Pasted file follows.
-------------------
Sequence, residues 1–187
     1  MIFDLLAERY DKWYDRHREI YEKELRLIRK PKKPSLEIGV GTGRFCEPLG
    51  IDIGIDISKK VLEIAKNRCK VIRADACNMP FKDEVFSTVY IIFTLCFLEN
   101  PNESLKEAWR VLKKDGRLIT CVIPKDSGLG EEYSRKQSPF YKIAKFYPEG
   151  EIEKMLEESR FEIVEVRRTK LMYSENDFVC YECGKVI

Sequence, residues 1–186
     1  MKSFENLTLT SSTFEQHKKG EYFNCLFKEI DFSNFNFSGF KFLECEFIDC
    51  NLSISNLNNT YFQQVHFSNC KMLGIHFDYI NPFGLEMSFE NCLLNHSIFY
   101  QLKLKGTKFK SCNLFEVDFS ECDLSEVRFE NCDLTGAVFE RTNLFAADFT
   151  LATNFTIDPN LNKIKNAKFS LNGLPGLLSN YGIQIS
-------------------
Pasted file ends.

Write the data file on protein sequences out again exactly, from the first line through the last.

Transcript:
Sequence, residues 1–187
     1  MIFDLLAERY DKWYDRHREI YEKELRLIRK PKKPSLEIGV GTGRFCEPLG
    51  IDIGIDISKK VLEIAKNRCK VIRADACNMP FKDEVFSTVY IIFTLCFLEN
   101  PNESLKEAWR VLKKDGRLIT CVIPKDSGLG EEYSRKQSPF YKIAKFYPEG
   151  EIEKMLEESR FEIVEVRRTK LMYSENDFVC YECGKVI

Sequence, residues 1–186
     1  MKSFENLTLT SSTFEQHKKG EYFNCLFKEI DFSNFNFSGF KFLECEFIDC
    51  NLSISNLNNT YFQQVHFSNC KMLGIHFDYI NPFGLEMSFE NCLLNHSIFY
   101  QLKLKGTKFK SCNLFEVDFS ECDLSEVRFE NCDLTGAVFE RTNLFAADFT
   151  LATNFTIDPN LNKIKNAKFS LNGLPGLLSN YGIQIS